Creating projects is a little bit convoluted IMHO with Tortoise, because while you can easily import content into SVN on the server, the Import option doesn’t automatically check out the content locally. You also can’t immediately Checkout after you’ve imported because Tortoise will not allow you to overwrite existing files that are not under source control.
So – it took me a while to find a way that didn't involve importing first, then deleting or renaming the local path and then doing a Checkout which feels like a lot of steps to go through for the simple task of creating a new folder in the repository.
But there's an easier way although it's not quite intuitive either:
Create a new folder in the repository
Find the folder to your project in Explorer
Use Tortoise to CheckOut the newly created repository folder
Add Files from Explorer with Tortoise
So let's do it step by step. Assume the top level folder is SummaLp as shown in the screen shots:
·Go into TortoiseSVN and select Repo Browser (right click Tortoise Repo Browser)
·Use the Create Folder option to create a new top level folder just beneath the main repository (I’ll name it SummaLp).
·Go back to Explorer and goto or create your project SummaLp Folder
·Right click on the folder and select CheckOut
·Select the top level folder in the repository and point at the corresponding local path
·This basically puts the root folder under source control so you can now add individual files or other folders more easily. Nothing’s really checked out yet – this only marks the folder for being able watched by Subversion.
·Go back to Explorer and check the folder – it should have a green icon with it now.
·But don’t just start importing everything below in one pop – it’ll be much easier to create folders in the repository first
then add the individual files once the folder is under source control.
·Select one of the project folders and basically follow that same routine:
·Go into Tortoise and browse to your repository.
·Create a folder with the project name below the SummaLp folder (SummaLpManager)
·Go into Explorer and CheckOut into the corresponding folder
·This puts the project folder under source control
·Select files and folders, right click and add
·Be selective and if necessary add files individually rather than full subfolders. You’ll want to skip over things like the obj folder and notes and log files etc. for example.
·Once you’ve done this you’ll see a directory full of files with + signs next to them. This means the files have been added to the local store but not synched with the server.
·To sync with the server right click and select SVN Commit on the project folder
·This basically tries to synch all the local changes to the server and in this case copies the files to the server into the repository.
·Once you’ve done this your local copy should now show as up to date
·Your repository now holds the same set of files
·Your repository should now look like this:
·You then repeat this process for each of the other project folders.
·You’ll also want to add the Solution file to source control. Just Add and Commit if it wasn’t among the files you already
And there you have it. A repository is set up and ready for use.
The key thing to remember when creating new branches and adding new files in the repository is:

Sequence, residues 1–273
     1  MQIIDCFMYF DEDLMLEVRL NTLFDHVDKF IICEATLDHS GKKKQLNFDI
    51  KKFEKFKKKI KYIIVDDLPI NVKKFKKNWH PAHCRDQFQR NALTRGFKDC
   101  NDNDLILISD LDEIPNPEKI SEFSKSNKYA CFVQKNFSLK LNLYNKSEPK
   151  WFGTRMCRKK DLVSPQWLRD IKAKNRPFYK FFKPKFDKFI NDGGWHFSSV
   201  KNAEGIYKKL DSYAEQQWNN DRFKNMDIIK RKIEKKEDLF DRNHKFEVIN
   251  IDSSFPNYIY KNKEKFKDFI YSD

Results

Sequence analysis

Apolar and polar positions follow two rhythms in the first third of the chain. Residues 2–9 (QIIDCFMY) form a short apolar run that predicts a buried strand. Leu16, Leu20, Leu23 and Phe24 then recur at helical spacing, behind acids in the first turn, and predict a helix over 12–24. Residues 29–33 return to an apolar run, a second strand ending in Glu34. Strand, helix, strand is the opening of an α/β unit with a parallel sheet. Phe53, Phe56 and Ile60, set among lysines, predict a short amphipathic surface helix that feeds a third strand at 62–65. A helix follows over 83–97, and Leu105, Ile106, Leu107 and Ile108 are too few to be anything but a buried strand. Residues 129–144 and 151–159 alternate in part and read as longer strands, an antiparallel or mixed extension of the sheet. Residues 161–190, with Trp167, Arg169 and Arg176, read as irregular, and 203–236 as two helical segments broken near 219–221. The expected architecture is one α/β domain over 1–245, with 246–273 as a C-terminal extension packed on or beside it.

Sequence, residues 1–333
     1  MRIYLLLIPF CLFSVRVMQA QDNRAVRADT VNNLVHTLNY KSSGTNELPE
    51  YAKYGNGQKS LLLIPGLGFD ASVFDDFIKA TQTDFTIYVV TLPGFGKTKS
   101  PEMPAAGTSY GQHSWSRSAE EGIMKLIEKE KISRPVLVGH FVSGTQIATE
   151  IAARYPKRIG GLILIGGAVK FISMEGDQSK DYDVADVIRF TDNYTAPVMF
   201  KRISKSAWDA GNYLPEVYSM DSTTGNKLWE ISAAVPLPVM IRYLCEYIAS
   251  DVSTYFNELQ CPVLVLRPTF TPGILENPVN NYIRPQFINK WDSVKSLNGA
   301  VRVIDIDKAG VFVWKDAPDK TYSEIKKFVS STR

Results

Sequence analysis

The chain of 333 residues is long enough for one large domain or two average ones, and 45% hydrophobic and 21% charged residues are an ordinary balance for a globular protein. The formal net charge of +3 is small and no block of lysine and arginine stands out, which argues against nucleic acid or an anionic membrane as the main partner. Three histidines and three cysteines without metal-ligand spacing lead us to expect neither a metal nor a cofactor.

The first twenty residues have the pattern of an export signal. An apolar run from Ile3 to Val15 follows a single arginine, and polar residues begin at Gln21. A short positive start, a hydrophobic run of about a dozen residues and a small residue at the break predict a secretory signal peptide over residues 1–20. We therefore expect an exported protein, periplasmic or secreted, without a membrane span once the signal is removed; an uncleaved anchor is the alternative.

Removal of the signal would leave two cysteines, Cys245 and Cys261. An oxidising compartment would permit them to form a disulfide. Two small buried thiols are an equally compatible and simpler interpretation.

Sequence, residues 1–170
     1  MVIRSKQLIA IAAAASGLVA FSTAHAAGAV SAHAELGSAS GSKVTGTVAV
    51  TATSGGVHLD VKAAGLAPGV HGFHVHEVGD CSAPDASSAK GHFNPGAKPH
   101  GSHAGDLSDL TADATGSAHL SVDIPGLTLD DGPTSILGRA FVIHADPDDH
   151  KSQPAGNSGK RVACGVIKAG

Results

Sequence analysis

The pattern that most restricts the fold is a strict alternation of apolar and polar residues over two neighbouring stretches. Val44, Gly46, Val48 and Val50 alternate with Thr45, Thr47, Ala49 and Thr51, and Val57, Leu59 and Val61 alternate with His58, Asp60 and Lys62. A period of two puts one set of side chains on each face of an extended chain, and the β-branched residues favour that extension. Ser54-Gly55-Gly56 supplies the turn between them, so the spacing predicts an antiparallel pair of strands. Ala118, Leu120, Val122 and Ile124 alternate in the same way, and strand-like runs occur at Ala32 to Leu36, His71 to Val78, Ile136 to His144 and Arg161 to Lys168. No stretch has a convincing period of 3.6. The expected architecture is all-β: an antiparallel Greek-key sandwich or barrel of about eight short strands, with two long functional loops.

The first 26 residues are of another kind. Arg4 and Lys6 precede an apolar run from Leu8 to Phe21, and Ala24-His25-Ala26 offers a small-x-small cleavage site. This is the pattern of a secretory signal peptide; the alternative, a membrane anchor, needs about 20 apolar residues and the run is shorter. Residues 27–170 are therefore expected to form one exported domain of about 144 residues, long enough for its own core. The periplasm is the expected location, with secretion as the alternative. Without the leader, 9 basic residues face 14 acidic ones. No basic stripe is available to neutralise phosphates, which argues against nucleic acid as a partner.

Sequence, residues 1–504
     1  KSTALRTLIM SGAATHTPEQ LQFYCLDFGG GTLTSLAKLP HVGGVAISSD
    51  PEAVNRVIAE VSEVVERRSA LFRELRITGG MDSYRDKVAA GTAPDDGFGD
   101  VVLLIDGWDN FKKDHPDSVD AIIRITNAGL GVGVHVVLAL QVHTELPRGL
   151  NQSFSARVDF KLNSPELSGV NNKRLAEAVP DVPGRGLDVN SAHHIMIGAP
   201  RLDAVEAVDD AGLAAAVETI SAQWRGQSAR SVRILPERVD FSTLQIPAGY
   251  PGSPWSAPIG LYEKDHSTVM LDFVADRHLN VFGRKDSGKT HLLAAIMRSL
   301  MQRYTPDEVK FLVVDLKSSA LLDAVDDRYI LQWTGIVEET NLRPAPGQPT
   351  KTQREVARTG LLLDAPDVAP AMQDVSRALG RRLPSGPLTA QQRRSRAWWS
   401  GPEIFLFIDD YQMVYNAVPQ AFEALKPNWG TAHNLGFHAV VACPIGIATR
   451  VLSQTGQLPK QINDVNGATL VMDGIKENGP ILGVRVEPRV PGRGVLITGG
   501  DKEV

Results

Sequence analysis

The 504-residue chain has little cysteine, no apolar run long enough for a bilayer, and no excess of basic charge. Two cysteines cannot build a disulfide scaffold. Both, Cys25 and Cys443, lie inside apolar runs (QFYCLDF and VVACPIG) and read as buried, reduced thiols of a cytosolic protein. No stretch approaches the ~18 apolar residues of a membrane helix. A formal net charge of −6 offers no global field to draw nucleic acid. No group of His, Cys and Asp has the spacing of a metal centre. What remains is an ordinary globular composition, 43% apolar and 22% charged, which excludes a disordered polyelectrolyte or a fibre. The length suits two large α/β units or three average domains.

·Create Folder in Repository first
·Checkout just the Folder to your local folder
·Add Files with Tortoise in Explorer
Creating a Local Copy from the Repository
What I’ve described above is a bit of work but it only needs to happen once when the repository is first created. If you are developer who’s simply connecting to get the latest revision for a local copy down to a local machine for working the process is much easier.
In this case:
·Pick a directory where you would like to create the local copy
·Right click and choose CheckOut
·Pick the repository and ProjectGroup Folder and the local folder that will receive the result. In the example above I could choose SummaLp (the top level folder) and Checkout and it brings down the entire project and the Solution file ready to go.
Up and Running with Tortoise and Subversion
You’re now set up for source control. Remember that Subversion uses Copy-Modify-Merge style, which means that files are never locked and you can freely change source files.
You can simply edit files and Subversion will keep track of the changes for you. You can use Tortoise SVN in explorer any time to see any changes that have been made to files. Any changed files will show with as a red warning icon which means you’ve made changes to the file that haven’t been updated onto the server.
The red icons appear next to files as well as folders. If there’s a folder that has unsubmitted changes that folder will recursively show the red icon. Note that the red icon does not tell you whether the file has been changed by anybody else! It only tells you that you have changed the file and need to commit it.
Svn For Visual Studio
To update your changes to the Subversion server you use the Commit option to synch with the server.
Visual Svn Manager
You’ll get a dialog that let’s you quickly see all the files that are going to be updated by the commit. You can also selectively unselect files which is useful if you have one or two files that you might not usually update like say web.config/app.config or your project file if you have special build steps.